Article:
Gardener's Supply Company
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This page was developed to share my gardening and landscaping experience with
others.  The site contains only general information on different plants.  I do not
guarantee all information to be accurate.  I do not accept any responsibility for
anyone's growing success.  Please consult with your plant or seed supplier for detailed
planting instructions.
Gardening > Hyacinth
Dutch Hyacinth General Information:

Hyacinths are a common spring bulb in many Ohio gardens.  The Dutch Hyacinths grow
from a large bulb.  The bulbs can be close to 2 inches in diameter.  Unless stated
otherwise, I am referring to the Dutch Hyacinth on this page.  They are considered
hardy in zones 3 to 8.  Hyacinths are available in most colors.  They grow to a height of
about 8 to 10 inches.  Hyacinths are planted in the fall and flower early spring.  They
look good when planted in small groups.  Hyacinths are slow to propagate and tend to
have the largest flowers the first year.  Therefore, you should not over-space the bulbs,
thinking they will "fill-in" anytime soon.  Hyacinths and other spring bulbs have a short
growing season.  I personally like to plant spring bulbs around evergreens and other
perennials.  This way I am not left with an empty patch come summer time.  Some
people will plant spring bulbs in the lawn, but they should not be cut down until the
leaves turn brown naturally.  

Growth and Propagation of Dutch Hyacinths:

Hyacinths grow from bulbs which are normally imported from Holland.  They are planted
in the fall and bloom early spring.  Hyacinths need a winter cool down period which is
why they are planted in the fall.  They should be planted in full sun to partial shade.  
The green leaves must be allowed to die back naturally after the plants are done
flowering to produce energy for the next years flowers.  

Hyacinths will multiply as long as they are alive and healthy.  The process is quite slow
and you probably will not see additional flowers for 4 to 5 years.  Large bulbs that are
left in the ground will produce offsets in about a year.  The offsets generally form at the
base of the bulb, separate from the mother bulb, and then get larger each year.  The
offsets will take 3 or 4 years before they are large enough to produce a flower.   Every
3 to 5 years the bulbs should be divided or they will crowd themselves.  Division should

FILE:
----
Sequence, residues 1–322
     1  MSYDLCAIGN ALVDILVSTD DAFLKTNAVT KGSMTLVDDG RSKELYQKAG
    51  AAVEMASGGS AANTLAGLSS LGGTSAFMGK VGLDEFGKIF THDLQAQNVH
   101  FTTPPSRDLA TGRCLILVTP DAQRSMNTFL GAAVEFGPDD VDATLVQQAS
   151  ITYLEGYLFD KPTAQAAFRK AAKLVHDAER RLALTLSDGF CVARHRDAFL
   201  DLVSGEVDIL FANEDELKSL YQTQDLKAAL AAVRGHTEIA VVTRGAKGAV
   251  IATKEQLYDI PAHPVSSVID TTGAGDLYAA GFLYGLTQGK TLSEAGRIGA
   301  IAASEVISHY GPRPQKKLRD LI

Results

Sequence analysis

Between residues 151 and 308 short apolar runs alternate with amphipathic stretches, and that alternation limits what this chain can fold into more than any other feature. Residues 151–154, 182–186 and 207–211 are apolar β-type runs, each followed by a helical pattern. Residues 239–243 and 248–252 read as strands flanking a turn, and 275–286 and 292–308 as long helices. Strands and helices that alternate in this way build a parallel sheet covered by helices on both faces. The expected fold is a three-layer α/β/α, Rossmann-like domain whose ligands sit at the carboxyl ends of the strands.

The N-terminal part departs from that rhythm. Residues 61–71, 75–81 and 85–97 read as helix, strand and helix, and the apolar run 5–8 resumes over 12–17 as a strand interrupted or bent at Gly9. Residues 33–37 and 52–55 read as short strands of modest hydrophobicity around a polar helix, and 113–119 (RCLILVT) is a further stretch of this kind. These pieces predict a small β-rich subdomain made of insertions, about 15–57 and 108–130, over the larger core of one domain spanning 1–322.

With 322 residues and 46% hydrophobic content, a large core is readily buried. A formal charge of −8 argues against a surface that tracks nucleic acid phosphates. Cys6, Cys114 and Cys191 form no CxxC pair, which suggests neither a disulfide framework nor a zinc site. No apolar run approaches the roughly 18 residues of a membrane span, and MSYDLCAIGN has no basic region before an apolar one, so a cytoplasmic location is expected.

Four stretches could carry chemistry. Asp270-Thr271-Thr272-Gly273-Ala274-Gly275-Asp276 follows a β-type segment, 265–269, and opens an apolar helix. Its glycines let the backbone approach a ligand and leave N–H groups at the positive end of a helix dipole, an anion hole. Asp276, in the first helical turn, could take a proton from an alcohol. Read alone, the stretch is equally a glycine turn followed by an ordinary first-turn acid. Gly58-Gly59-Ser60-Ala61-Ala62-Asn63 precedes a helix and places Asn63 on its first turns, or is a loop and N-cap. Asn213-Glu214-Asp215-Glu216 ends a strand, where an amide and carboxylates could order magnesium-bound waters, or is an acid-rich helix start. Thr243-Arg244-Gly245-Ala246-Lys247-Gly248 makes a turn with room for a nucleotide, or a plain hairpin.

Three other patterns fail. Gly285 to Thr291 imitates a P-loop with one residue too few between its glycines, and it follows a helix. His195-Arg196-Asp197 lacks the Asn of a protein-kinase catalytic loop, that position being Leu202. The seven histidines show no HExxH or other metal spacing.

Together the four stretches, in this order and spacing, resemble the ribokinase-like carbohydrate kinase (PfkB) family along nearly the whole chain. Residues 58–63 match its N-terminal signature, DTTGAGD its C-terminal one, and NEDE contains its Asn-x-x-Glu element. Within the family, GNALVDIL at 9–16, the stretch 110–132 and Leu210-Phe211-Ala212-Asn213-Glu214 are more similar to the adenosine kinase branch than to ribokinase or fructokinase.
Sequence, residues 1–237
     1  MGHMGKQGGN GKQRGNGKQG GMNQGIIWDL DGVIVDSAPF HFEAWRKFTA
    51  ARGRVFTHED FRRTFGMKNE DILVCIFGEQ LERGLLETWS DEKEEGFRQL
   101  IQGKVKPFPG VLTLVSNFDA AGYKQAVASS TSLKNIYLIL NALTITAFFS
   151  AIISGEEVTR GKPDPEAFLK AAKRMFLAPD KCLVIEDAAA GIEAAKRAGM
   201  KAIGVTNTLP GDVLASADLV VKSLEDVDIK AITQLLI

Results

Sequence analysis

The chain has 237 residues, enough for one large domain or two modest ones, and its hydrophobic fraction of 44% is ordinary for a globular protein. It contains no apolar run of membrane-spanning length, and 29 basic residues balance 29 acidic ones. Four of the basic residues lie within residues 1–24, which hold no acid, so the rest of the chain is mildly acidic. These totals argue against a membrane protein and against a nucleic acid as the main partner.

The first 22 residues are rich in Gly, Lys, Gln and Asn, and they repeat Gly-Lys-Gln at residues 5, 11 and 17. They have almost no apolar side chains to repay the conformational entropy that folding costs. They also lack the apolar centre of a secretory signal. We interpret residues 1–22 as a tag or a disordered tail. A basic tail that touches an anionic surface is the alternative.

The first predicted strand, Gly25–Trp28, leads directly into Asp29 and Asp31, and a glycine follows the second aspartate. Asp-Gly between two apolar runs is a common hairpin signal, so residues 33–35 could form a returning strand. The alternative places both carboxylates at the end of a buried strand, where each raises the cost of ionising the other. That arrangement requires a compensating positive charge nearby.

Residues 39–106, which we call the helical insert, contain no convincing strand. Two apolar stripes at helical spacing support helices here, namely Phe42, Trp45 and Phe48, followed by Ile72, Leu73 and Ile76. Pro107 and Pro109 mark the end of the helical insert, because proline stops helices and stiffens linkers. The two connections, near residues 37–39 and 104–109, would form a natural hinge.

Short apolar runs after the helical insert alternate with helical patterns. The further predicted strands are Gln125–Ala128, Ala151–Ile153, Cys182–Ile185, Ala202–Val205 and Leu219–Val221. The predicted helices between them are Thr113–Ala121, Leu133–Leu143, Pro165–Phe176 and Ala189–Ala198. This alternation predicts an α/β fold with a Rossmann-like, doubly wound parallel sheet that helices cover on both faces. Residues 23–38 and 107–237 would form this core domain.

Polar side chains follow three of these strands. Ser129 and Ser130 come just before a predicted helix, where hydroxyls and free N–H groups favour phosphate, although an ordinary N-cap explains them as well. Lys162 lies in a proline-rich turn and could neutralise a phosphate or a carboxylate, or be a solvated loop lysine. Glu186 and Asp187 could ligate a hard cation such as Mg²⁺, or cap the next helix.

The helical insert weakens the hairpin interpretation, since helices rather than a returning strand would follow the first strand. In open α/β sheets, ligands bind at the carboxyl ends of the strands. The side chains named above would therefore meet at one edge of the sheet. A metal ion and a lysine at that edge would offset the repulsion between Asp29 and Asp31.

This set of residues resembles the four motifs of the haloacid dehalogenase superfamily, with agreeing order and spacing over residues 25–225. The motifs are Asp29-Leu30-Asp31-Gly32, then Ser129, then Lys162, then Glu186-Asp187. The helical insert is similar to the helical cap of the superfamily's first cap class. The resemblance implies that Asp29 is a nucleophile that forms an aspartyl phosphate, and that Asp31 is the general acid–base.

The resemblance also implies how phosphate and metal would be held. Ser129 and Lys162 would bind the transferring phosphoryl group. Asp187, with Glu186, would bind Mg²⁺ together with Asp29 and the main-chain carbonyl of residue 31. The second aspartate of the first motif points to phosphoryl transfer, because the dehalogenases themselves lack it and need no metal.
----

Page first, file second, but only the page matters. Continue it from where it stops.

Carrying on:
be done in the summer after the plants go dormant.  The bulbs should be dug up,
separated, and replanted.   This is a good time to amend the ground, since the soil is
already loosened up.  Keep in mind that only the largest bulbs will produce a flower the
following spring.  They usually recommend spacing the bulbs about 4 to 6 inches.  
Offsets will produce a flower that is the same as the parent.  Commercial growers will
use bulb cutting techniques to obtain the maximum number of offsets from the mother

There are several factors that may kill off a hyacinth patch.  The bulbs need well
drained soil.  Wet soil will rot the bulbs.  If you have wet summers you may wish to raise
the bulbs after they go dormant and replant them in the fall.  Squirrels and chipmunks
may dig up the bulbs.  Once again, some people will raise the bulbs after they go
dormant and replant them in the fall.  This gives the critters less time to attack, but also
loosens up the soil which makes it easier for them to get the bulbs.  Some people will
coat the bulbs with a fungicide or animal repellent with mixed results.  Other techniques
include putting crushed sea shells or wire mesh over the bulbs to make it harder to dig.  
I plant my bulbs at the maximum depth of about 6 inches to the bottom of the hole.  I
use a bulb planter to loosen up as little soil as possible.  The soil must be prepared in
advance.  I then let the neighborhood cats take care of the rest.  The leaves must also
receive enough sun or the bulbs will die out.  The leaves must be allowed to die back
naturally and the bulbs planted in a sunny location.  Bulb fertilizer and general weeding
also makes a difference.  Dead heading the flowers after they start to die will put less
energy into seed development, and more energy into the next years flower
development.  Taking some cut flowers indoors will deliver the same results as dead
heading.  Deer tend to avoid the Hyacinth plants.    

It is recommended that you wear gloves and wash your hands well when handling
Hyacinth, and most other types of bulbs.  This will help to prevent irritation or allergic
reactions to plants which are considered somewhat poisonous.  

Grape Hyacinth:

Another type of spring bulb are the Grape Hyacinth.  The Grape Hyacinth flowers are
much smaller than the Dutch Hyacinth flowers.  They are usually shades of blue.  They
look good in small drifts.  The Grape Hyacinth grow from small bulbs which propagate
fairly quick.  They are hardy in zones 3 to 9.   Grape Hyacinths flower mid spring and
grow 6 to 7 inches tall.    
(Dutch Hyacinth)
(Grape Hyacinth)
Above:  Grape Hyacinths.
Photo taken April 2008